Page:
To help pilots and vehicle drivers be prepared to respond correctly to an airport equipped with Runway Status Lights below you can find four scenarios to help train and test your knowledge of the system. Once you are certain that the information in these scenarios is understood you can test yourself via our Self-evaluation tests for Pilots and Vehicle Drivers.
Scenario 1: Multi-Crossing-Take-Off Scenario (Under Nominal Conditions)
The Scenario 1 shows the basic behavior of the RWSL system on the RWY 27L and its vicinity. This scenario illustrates how the THL and the REL systems work under runway crossing and take-off cases. It illustrates a typical situation that you will most likely see on CDG RWYs. Download Scenario 1.
Scenario 2: Multiple Line-Ups Take-Off & Crossing Scenario (Under Nominal Conditions)
The Scenario 2 shows the behaviour of the RWSL system on the RWY 27L and its vicinity. This scenario illustrates how the THL and the REL systems work under runway multiple line-ups take-off and crossing. Download Scenario 2.
Scenario 3: Landing-Crossing-Take-Off Scenario (Under Nominal Conditions)
The Scenario 3 shows the behaviour of the RWSL system on the RWY 27L and its vicinity. This scenario illustrates how the THL and the REL systems work in an approach case, runway crossing and take-off line-up case. It illustrates the use of the inner RWY in mixed mode (departures and arrivals on the inner RWY), and with a vehicle. The scenario has been planned with one landing case (demonstrating the REL system), one RWY crossing case, once one airplane has been already lined up on the RWY (demonstrating the THL system) and then, with one take-off case (demonstrating the REL system). Download Scenario 3.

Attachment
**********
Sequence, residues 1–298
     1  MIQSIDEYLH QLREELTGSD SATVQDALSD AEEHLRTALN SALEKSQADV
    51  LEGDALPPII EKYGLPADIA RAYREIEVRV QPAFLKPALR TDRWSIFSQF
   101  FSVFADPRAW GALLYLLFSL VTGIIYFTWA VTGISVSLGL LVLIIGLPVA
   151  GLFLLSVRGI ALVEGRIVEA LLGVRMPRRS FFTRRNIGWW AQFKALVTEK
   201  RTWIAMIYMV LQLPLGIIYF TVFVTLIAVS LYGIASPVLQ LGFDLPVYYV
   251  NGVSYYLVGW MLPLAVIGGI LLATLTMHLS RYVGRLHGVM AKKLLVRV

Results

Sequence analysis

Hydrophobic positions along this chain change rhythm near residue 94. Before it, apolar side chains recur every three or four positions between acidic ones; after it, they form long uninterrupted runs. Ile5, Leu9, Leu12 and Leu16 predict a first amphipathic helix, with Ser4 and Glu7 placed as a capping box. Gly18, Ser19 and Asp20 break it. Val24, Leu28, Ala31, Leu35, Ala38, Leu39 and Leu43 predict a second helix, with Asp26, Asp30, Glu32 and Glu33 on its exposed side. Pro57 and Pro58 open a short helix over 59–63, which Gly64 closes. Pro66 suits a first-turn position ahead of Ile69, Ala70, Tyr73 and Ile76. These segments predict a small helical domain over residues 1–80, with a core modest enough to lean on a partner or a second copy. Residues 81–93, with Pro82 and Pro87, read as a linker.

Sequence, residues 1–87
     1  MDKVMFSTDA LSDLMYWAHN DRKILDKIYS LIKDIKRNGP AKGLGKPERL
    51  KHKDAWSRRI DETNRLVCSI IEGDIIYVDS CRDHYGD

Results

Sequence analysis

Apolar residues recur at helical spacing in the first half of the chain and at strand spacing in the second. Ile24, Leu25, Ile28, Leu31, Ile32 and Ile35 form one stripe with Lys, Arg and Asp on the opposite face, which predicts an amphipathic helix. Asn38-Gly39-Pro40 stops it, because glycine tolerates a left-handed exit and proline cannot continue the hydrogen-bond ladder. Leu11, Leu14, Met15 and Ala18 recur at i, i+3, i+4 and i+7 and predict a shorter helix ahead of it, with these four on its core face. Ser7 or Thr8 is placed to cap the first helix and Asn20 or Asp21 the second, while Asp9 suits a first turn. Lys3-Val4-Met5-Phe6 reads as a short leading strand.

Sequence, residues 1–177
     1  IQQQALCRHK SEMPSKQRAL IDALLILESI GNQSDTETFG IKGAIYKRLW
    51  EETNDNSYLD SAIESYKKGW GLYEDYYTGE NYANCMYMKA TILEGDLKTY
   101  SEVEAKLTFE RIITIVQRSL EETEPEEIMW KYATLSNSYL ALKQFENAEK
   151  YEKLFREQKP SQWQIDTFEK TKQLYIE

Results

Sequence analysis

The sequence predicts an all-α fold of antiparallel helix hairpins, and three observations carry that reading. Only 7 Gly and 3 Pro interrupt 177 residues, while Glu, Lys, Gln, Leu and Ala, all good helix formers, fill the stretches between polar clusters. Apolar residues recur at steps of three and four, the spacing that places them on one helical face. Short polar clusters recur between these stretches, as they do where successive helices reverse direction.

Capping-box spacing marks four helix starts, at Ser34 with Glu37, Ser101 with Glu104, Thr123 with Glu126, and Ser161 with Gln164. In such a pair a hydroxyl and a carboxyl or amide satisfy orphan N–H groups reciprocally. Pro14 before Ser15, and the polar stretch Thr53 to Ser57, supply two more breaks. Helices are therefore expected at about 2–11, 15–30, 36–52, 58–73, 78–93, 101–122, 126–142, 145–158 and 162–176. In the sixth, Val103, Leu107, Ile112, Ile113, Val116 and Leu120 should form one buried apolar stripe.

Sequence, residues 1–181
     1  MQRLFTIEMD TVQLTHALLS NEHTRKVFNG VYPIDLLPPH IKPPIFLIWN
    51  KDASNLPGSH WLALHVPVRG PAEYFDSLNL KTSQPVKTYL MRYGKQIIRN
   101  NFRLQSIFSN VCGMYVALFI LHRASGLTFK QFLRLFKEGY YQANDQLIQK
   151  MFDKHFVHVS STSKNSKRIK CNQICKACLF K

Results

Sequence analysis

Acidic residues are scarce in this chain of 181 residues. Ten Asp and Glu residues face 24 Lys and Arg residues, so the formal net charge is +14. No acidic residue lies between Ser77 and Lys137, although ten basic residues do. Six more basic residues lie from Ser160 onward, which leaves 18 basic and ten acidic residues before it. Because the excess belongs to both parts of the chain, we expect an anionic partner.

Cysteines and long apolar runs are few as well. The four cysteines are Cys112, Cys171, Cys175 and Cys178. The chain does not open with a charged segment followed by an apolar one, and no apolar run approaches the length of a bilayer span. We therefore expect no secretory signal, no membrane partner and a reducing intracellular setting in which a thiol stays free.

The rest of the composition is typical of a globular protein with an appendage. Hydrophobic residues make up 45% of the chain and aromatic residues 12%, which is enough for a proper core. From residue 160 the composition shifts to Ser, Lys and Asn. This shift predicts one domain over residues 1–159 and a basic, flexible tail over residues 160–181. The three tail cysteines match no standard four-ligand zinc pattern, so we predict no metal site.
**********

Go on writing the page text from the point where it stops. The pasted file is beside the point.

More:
Scenario 4: Aborted Departure Scenario (Under Nominal Conditions)
The Scenario 4 shows the behaviour of the RWSL system on the RWY 27L and its vicinity. This scenario demonstrates how the THL and the REL systems work under an aborted departure case. The scenario has been planned with one take-off case when one airplane is crossing the runway forcing to abort the take-off procedure (demonstrating the THL system). Two airplanes are involved in the sequence of events (one airplane taking-off and another crossing the RWY 27L). Download Scenario 4.
Was the information above clear? If yes test yourself using our Self-Evaluation Tests.
We also invite you to tell us about your experience using Runway Status Lights by submitting your feedback.